New insights from the 2020 Thales Access Management Index – Asia Pacific and Japan Edition reveal that concerns around the threats of cyberattacks are prompting businesses in the region to take action. Surveying 500 IT professionals across India, Australia, Hong Kong, Japan and Singapore with responsibility for, or influence over, IT and data security, the threat of large-scale breaches (78%) and security concerns around password vulnerability (81%) are driving organisations towards increasing their implementation of access management solutions.
Whilst organisations across the region increase cloud adoption in the remote working era, many (58%) are still concerned that their increased use may make cloud applications a target for cyber-attacks. The reasoning for this varies greatly when comparing the countries within the APAC region. Those from Japan are concerned about the lack of in-house skills to secure cloud applications (65% compared with the APAC total of 53%). In contrast, those from India are most likely (71%) to consider the lack of strong cyber security solutions to implement appropriate protection. Regardless of the reasoning, cloud applications are growing not only in number but also in importance, meaning that securing them properly is essential for organisations in the region.
The report also mentions about security policies around access management. Around two thirds (67%) of respondents from India report that secure access management is now a priority for the board, which should help them to address their concerns over a lack of solutions.
In order to mitigate these potential threats and simplify cloud access management, APAC organisations are taking action with nearly all (92%) planning to expand their use of smart Single Sign-On (SSO). Most respondents from India view smart SSO as being extremely secure, trusting it to protect sensitive data (56%) and applications (53%).
Organisations also understand the benefits of smart SSO adoption, particularly when it comes to preventing breaches of data (47%), and ensuring customers feel their data is secure (44%). Comparatively in India, 53% see adoption of smart SSO beneficial in preventing breaches of data and 59% believe that smart SSO will boost customer confidence with regard to security of their data. However, fears in the region are likely to still remain with IT leaders citing concerns over inconsistent security protections across cloud (57%), a lack of strong cyber-security solutions to implement appropriate protection (56%), and a lack of in-house skills to secure cloud applications (53%). What’s more, organisations have flagged that ineffective cloud access management can lead to cloud applications becoming a security issue (50%).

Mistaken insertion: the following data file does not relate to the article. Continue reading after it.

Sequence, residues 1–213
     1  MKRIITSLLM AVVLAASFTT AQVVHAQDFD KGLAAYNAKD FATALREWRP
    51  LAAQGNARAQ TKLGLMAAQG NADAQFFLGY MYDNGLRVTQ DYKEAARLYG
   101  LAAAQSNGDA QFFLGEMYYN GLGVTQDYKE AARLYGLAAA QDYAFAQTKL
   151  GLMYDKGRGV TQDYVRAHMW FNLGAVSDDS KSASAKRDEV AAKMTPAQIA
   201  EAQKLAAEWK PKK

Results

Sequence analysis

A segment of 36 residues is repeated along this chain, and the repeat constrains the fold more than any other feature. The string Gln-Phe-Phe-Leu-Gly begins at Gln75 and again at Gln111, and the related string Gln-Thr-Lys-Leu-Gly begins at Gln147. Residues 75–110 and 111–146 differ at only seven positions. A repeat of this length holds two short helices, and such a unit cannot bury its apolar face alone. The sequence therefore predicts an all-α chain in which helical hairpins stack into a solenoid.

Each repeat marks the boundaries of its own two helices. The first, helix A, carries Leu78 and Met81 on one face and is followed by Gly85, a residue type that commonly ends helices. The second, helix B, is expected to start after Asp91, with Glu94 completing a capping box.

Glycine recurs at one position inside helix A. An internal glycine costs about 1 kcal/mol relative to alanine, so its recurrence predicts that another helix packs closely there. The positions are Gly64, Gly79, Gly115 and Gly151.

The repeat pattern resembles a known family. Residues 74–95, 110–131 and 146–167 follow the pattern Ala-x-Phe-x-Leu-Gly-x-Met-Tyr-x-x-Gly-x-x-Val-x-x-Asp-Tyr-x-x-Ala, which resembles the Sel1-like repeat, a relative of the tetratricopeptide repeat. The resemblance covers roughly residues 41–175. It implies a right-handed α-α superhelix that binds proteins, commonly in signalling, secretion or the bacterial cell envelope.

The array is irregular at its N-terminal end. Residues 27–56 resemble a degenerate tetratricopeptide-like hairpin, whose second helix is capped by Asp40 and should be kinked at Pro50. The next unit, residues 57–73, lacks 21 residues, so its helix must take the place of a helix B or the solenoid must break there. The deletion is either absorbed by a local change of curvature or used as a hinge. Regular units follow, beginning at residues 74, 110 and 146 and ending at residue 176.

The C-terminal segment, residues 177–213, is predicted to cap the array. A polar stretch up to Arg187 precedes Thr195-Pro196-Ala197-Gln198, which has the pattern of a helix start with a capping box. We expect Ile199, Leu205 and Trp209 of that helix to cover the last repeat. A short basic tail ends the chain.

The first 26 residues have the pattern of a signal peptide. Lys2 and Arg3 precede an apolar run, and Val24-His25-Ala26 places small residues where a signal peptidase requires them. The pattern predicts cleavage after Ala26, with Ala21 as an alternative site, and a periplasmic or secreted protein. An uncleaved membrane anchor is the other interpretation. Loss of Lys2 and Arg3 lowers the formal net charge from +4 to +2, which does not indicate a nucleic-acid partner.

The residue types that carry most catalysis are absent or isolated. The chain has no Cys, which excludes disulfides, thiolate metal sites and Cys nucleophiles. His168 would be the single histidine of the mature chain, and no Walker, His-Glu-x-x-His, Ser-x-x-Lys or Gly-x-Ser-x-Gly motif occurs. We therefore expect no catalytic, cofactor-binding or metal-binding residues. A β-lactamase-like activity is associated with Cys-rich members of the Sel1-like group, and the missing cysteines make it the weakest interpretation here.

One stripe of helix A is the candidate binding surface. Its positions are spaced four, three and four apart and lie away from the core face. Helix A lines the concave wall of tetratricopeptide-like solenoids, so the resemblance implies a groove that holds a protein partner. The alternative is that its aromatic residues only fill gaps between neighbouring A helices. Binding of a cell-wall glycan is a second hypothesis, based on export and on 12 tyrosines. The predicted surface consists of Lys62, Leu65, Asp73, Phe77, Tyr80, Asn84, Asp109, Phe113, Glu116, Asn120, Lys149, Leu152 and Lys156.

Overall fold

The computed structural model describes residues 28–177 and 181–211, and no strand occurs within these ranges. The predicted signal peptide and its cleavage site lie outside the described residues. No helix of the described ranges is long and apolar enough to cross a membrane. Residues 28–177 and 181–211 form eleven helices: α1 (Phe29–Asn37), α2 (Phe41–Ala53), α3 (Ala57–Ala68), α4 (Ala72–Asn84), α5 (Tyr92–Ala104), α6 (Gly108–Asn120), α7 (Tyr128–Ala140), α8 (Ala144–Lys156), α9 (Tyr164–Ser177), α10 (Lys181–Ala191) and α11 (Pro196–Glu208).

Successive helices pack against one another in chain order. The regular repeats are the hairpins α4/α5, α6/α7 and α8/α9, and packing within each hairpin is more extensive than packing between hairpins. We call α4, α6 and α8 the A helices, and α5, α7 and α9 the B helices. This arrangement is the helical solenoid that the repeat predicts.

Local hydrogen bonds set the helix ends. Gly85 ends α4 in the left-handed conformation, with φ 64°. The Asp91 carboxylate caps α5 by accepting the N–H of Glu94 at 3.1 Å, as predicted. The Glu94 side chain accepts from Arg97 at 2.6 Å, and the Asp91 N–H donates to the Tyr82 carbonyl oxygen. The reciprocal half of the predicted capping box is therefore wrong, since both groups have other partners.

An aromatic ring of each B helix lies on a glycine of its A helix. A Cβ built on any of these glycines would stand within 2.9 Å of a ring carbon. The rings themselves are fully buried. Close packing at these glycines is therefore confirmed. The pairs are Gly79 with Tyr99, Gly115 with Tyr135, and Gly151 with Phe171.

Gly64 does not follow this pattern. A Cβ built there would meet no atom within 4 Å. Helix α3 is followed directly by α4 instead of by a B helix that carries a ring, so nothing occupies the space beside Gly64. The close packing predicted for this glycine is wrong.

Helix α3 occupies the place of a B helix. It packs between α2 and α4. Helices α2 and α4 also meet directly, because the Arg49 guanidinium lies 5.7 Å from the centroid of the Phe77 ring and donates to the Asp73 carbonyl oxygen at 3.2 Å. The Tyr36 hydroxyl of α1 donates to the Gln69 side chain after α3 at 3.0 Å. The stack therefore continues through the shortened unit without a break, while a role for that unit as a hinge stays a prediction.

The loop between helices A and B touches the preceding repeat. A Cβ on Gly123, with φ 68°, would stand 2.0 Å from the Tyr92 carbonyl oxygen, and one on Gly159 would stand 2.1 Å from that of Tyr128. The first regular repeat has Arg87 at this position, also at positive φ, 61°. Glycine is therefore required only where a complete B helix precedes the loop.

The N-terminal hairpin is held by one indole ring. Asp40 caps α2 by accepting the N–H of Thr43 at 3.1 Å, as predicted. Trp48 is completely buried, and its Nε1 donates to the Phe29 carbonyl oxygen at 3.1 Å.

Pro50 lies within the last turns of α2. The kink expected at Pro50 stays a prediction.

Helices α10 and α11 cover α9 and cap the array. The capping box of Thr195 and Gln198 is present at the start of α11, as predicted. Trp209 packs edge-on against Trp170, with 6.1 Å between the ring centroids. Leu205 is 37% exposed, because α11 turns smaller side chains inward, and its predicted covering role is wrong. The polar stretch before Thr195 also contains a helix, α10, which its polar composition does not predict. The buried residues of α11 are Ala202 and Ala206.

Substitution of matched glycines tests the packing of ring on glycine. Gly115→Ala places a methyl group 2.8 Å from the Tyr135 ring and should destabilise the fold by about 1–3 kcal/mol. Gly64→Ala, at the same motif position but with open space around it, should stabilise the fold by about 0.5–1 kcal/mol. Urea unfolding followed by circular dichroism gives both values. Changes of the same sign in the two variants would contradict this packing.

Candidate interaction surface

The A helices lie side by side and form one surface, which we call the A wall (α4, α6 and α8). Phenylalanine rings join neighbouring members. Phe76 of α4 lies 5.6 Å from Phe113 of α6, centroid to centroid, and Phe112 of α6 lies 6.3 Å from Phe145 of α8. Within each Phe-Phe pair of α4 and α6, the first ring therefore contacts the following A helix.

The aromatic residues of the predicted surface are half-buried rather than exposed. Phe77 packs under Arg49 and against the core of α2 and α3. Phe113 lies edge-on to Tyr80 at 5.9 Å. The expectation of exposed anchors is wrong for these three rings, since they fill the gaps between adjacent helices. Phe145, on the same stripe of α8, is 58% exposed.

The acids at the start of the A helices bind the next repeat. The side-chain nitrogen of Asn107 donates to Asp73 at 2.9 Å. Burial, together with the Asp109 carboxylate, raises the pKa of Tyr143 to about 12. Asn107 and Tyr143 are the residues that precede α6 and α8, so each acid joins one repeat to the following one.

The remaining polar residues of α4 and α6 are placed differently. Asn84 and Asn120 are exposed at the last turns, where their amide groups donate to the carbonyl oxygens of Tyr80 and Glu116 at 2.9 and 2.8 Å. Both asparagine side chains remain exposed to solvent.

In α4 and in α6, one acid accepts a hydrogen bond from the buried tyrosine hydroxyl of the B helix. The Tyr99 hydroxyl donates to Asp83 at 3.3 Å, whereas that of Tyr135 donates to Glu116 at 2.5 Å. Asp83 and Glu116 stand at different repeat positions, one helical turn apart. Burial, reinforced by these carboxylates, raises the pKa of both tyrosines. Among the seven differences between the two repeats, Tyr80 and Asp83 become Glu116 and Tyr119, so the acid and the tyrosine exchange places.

Rana Gupta, APAC Regional Vice President for Data Protection solutions at Thales said, “The need for Access Management has never been greater as organisations adapt to support their employees, customers and partners during these unprecedented times. Secure remote access for employees working outside the office is paramount for enterprises operating amid increasing complexity and scale. Cybersecurity must be a boardroom discussion and the current landscape provides IT leaders with an opportunity to rapidly progress their digital transformation plans and robust cloud adoption with the necessary protections in place.”
Cyber breaches are now a board level issue
As businesses react to the changing situation and increasingly see the need for a security-first approach, IT leaders across the APAC region are finding it easier to sell the need for IT security to their boards of directors, with over half (55%) reporting that it is now easy (up from 34% looking at 12 months ago). As businesses continue to work out how to give remote employees the tools to work efficiently wherever they are, while keeping the company safe, access management looks set to form an increasingly integral role in the future. Nearly all respondents (99%) stated that controlling who has access to specific types of data can contribute towards compliance.
Positively, more organisations in the region have revealed their staff are also now trained in security and access management (53%) than two years ago (49%). What’s more, businesses have also revealed an increase in spending (47% from 45%) on access management and nearly half now have a dedicated CISO (47%), up from 41%. However, three quarters of respondent businesses (75%) plan to increase their use of usernames and passwords, despite inherent weaknesses caused by issues like Shadow IT, showing there’s still work to be done.
Rana continued: “As businesses figure out a way to keep themselves running in this pandemic world, the circumstances forcing many to work from home are inherently increasing the security risks at the same time due to the threats related to hijacking of credentials as the cyber-attacks continue to expand. These security concerns are justified as users get to access their systems in huge numbers from their respective remote locations, as well as the increasing adaption of various cloud platforms. Investing in smart access management tools that allow for stepped up secured authentication through a choice of multi-factor authenticators besides enforcing access policies, is the need for the hour. Expanding the use of flawed systems, such as passwords, is only going to lead to much bigger problems.”